Jubilee Lower Lobby

“Connecting Resilience”

Connecting Resilence

This body of work features a variety of pieces by newcomer families in Canada. All content explores these families' multicultural identities and their (re)definition of "home."

Our surroundings are reflective of who we are. They have the potential to be projections of our dreams and fond reminders of our ancestors. The spaces in which we live, work, gather, and love can propel us toward growth and evolution, as well as enable us to reflect on our histories.

The body of work in this exhibition addresses newcomers' relationships with new and old spaces and tells stories of resilience, perseverance, and hope. These families recall dear memories, open up about their current worries, and express their dreams for the future through multiple mediums and activities which ultimately represent the vast landscape of current newcomers' experiences in Canada.




Funded by Canada's Social Sciences and Humanities Research Council (SSHRC), this exhibition is brought to life in partnership with the Werklund School of Education at the University of Calgary, and Calgary’s Centre for Newcomers.

Despite research advocating for more inclusive, equitable, and diverse support for their communities, newcomer families often struggle to thrive in their adopted lands. While Canada promises war-free spaces and quality of life for newcomer families, realities that arise during the settlement process undoubtedly can shape their trajectories. By focusing on place and its role in re-settlement and identity-formation, this exhibition explores the ways in which the spaces we live, play, work, gather, and love can both propel and inhibit, as well as enable us to reflect on our ongoing histories. The families who have contributed to this exhibition animate the possibilities for intercultural awareness, belonging, and resilience that arise through engagement with the vast landscape of newcomer stories of place.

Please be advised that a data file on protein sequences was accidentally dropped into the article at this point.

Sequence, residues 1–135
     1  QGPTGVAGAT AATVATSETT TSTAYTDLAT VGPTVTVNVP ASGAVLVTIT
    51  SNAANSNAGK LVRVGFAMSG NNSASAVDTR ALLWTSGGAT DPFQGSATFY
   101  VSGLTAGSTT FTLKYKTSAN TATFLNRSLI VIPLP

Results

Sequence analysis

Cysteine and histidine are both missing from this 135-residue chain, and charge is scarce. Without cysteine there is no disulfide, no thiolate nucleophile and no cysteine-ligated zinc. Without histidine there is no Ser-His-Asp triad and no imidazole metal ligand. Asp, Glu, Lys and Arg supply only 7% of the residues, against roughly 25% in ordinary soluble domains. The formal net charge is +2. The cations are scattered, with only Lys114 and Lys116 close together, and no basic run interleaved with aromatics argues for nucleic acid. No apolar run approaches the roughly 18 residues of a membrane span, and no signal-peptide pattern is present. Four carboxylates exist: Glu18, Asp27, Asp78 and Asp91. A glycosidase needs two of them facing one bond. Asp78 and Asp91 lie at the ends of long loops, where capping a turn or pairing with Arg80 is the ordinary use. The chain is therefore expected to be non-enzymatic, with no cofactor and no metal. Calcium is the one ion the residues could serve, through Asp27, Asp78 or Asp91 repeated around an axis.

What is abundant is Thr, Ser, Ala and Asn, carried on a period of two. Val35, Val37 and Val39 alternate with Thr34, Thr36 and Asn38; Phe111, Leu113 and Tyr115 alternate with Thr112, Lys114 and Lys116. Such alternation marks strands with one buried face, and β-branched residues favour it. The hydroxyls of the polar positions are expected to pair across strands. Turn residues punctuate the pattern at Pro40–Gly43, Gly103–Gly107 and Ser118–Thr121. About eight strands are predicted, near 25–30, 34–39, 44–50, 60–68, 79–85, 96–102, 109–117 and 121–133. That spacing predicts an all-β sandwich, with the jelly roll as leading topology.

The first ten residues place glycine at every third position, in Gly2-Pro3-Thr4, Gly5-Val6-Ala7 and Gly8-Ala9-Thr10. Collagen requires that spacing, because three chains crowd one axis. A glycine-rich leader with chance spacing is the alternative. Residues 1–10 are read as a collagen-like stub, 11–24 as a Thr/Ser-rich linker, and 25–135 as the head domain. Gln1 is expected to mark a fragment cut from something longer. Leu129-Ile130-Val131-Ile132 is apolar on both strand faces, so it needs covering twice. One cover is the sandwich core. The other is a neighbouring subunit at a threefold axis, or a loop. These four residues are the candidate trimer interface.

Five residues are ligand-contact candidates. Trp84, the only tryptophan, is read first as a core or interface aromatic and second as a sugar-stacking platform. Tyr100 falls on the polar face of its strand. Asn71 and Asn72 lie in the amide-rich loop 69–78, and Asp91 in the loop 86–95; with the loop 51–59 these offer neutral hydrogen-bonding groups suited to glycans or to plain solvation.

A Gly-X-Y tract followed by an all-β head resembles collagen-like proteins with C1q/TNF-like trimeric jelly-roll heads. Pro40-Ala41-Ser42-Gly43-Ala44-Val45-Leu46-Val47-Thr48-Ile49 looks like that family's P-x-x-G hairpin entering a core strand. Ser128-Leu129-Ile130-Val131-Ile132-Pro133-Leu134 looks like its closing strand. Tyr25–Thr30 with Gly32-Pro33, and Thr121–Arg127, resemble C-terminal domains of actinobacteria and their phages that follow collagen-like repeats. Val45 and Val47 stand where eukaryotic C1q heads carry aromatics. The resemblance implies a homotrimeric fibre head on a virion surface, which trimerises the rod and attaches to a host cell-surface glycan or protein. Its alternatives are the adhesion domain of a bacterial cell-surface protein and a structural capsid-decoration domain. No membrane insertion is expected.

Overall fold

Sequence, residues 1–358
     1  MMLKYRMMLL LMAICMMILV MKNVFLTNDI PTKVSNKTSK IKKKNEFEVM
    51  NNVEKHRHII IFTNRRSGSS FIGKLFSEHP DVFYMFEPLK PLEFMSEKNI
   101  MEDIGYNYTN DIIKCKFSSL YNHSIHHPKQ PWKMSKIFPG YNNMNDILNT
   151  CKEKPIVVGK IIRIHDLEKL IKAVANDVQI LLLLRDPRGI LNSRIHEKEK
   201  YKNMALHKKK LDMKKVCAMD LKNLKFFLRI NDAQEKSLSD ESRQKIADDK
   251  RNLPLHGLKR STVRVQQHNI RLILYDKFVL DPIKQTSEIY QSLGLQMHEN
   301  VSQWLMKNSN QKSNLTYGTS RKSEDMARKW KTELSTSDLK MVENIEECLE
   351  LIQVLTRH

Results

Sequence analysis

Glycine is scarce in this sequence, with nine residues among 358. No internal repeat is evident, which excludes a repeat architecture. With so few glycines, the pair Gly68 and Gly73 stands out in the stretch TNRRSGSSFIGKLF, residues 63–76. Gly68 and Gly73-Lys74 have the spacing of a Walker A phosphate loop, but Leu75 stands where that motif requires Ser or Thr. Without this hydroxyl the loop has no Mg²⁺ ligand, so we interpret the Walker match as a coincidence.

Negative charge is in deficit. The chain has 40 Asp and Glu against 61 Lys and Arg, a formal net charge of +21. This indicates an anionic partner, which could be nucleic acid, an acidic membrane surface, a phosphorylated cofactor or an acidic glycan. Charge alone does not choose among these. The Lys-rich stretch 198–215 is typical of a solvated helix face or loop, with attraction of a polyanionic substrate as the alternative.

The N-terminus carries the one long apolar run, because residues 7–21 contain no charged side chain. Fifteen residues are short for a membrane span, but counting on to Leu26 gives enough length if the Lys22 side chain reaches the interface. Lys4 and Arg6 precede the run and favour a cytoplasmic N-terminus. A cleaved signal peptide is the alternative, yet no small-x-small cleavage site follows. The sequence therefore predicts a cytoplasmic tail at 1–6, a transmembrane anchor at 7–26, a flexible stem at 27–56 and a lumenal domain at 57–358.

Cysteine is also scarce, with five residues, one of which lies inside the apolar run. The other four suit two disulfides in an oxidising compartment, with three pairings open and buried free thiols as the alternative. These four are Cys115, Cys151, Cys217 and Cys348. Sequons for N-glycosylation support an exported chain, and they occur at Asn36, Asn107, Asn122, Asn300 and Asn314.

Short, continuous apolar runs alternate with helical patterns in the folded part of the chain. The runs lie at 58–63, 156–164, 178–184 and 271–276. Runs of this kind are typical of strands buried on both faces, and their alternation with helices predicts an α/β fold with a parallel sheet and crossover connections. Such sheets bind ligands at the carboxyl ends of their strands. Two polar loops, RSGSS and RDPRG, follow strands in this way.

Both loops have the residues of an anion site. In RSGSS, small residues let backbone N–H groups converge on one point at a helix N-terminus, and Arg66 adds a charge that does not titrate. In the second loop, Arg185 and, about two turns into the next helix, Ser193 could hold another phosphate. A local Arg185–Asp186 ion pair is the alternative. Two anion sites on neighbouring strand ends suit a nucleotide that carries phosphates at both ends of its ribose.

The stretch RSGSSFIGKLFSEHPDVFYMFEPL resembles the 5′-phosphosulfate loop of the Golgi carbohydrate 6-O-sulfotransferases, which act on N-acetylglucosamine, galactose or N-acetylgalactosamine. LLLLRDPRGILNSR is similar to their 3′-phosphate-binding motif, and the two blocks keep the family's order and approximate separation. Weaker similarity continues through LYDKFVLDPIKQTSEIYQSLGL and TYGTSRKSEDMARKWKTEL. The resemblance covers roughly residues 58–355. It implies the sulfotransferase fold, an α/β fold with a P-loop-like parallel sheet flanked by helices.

The exhibition, comprised of shared stories of Canadian newcomer families, explores their (re)conceptualizations of home. The pieces in this exhibition are the result of dialogues and relationship-building among newcomers, artists, researchers, and settlement workers over a month of workshop participation in March of 2023. Featuring maps, collages, portraits, photographs, digital art, tapestries, journal entries, and sound recordings, this exhibit highlights the ways in which home and place are central to newcomers’ stories of resilience and perseverance in the resettlement process. As these families recall dear memories, open up about current worries, celebrate successes, and express dreams for the future through multiple media, they powerfully share the vast landscape of newcomer experience in Canada. These identity texts also serve as a reminder that home-making processes and narratives permeate day-to-day life for all in Calgary.